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Changing of microstructure after fire

Changing of microstructure after fire

Changing of microstructure after fire


Could you give me some advice?

Now I examine structural steel (S235) sample from fired construction.

As I can see there is shperoidisation of perlite and some carbides along grain boundaries. Band structure is disappeared.

Is it really possible this changing after fire (Unfortunately I don't know time, but I think it wasn't too long)?

Thank you in advance.

RE: Changing of microstructure after fire

There are books (and consultants) that address this subject.
Yes, structural steels can be damaged (microstructure and properties) in a fire.

= = = = = = = = = = = = = = = = = = = =
P.E. Metallurgy, Plymouth Tube

RE: Changing of microstructure after fire

Thanks a lot!

We have performed only hardness test (due to sample size). Hardness is around 125 HV10. Conversion in Rm (UTS) give acceptable result for steel S235, but as I understand in this case value of Rp0.2 (YS offset 0,2%) would be more significant...

N.B. Could you please give some reference if it is possible?

RE: Changing of microstructure after fire

I'm not really sure what to say regarding the hardness test since you provided no details. Damage likely extended from the surface beyond visible changes in microstructure. You can get a good feel for this by taking a microhardness survey starting at the surface and also obtaining core microhardness so you can identify the extent of damaged material.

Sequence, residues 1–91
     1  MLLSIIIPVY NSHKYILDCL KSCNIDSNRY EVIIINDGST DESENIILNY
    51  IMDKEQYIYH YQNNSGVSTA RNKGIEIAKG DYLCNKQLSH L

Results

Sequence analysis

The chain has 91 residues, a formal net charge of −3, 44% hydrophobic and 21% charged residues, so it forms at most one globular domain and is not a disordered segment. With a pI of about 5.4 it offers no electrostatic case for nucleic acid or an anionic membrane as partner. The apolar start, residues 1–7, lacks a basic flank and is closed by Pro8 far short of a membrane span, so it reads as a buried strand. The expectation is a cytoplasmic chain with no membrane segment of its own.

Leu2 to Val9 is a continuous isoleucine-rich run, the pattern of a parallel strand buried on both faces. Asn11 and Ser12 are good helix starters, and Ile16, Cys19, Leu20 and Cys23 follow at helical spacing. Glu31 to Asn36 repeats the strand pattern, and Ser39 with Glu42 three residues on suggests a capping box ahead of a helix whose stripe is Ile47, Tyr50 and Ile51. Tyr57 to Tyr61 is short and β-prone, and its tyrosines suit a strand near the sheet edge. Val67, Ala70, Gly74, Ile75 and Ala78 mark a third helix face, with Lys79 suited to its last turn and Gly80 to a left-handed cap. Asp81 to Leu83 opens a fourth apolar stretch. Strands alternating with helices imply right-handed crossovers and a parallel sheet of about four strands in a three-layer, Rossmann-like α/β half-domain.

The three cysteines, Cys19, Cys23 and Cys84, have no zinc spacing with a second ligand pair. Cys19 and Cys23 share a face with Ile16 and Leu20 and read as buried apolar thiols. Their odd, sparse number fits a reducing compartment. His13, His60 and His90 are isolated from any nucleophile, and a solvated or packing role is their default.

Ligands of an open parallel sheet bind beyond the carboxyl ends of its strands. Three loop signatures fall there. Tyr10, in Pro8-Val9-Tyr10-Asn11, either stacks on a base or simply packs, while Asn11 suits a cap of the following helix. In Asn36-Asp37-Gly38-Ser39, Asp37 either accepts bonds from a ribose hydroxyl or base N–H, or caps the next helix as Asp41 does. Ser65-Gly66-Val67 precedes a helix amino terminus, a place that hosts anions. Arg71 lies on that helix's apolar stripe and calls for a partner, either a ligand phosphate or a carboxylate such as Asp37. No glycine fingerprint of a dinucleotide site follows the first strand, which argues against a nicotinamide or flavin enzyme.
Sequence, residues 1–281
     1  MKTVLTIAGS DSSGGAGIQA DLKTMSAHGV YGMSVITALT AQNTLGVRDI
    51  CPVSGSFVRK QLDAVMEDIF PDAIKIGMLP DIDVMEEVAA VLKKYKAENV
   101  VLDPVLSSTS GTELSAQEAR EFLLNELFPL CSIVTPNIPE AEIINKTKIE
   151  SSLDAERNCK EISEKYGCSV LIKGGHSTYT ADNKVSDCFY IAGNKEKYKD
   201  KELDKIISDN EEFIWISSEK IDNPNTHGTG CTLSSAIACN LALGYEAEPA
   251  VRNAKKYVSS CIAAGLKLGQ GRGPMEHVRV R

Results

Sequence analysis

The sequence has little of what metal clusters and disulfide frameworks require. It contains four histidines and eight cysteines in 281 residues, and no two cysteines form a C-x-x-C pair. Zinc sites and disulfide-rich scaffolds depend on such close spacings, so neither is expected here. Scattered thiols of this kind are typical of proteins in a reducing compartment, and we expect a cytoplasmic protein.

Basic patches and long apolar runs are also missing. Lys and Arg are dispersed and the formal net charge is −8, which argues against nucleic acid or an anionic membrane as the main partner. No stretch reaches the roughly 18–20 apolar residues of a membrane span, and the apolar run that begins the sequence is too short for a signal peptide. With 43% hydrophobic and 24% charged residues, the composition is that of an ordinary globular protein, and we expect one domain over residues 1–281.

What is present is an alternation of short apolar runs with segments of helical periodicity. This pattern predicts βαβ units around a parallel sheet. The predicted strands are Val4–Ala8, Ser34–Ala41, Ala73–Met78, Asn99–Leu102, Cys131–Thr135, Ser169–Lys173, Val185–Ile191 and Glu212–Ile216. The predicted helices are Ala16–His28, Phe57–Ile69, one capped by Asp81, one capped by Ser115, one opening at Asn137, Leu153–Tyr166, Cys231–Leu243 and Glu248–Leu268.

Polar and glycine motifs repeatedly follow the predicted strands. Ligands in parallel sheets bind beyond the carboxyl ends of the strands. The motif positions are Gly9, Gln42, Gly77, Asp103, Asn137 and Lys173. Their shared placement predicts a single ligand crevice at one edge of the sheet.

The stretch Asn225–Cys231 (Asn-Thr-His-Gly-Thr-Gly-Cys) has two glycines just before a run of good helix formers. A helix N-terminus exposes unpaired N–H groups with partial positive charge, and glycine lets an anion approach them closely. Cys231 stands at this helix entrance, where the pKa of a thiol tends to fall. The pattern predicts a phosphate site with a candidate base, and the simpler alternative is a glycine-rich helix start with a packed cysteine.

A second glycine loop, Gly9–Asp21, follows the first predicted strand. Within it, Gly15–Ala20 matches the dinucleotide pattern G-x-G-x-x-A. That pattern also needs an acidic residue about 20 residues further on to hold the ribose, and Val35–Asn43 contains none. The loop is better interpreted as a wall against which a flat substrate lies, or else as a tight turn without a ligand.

RE: Changing of microstructure after fire

Agree with EdS, this is a specialized field and the investigation should involve a specialist who is trained to look for visible evidence at the scene as well as metallurgical. What you actually want is a fitness-for-service assessment to determine how much material must be condemned.

"If you don't have time to do the job right the first time, when are you going to find time to repair it?"

RE: Changing of microstructure after fire


Yes, you can see a microstructural change like that after a exposure of the steel to high temperatures (ie. fire). I suggest you to read this article.


Good Luck!

RE: Changing of microstructure after fire

Hardness testing should always be done in concert with in situ metallography.

"If you don't have time to do the job right the first time, when are you going to find time to repair it?"

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